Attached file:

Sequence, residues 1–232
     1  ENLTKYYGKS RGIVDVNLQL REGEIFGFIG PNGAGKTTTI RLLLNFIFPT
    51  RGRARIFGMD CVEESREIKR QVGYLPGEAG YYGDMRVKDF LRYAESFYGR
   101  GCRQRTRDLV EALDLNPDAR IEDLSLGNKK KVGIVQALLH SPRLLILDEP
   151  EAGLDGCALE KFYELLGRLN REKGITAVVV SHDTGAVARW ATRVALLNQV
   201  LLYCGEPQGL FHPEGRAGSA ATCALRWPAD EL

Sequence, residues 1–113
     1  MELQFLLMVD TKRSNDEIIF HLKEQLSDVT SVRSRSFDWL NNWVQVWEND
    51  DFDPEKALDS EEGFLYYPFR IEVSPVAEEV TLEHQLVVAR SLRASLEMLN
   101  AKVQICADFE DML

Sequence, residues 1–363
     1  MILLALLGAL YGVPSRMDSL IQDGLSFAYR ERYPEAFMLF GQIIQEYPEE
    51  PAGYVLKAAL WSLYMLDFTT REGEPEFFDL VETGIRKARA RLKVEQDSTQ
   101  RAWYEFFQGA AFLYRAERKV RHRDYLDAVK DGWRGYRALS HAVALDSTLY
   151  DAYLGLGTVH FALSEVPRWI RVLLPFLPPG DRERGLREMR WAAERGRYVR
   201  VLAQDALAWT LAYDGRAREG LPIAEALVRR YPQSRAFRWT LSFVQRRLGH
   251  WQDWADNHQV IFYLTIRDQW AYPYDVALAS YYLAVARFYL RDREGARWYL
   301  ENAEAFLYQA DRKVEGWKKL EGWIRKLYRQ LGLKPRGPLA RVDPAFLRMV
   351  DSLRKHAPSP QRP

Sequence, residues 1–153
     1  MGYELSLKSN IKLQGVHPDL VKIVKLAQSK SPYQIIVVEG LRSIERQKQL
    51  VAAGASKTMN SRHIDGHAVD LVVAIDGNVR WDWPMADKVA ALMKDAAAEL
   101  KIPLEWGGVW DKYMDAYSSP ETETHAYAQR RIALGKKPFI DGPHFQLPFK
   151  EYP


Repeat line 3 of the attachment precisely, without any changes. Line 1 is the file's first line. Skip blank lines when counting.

    51  RGRARIFGMD CVEESREIKR QVGYLPGEAG YYGDMRVKDF LRYAESFYGR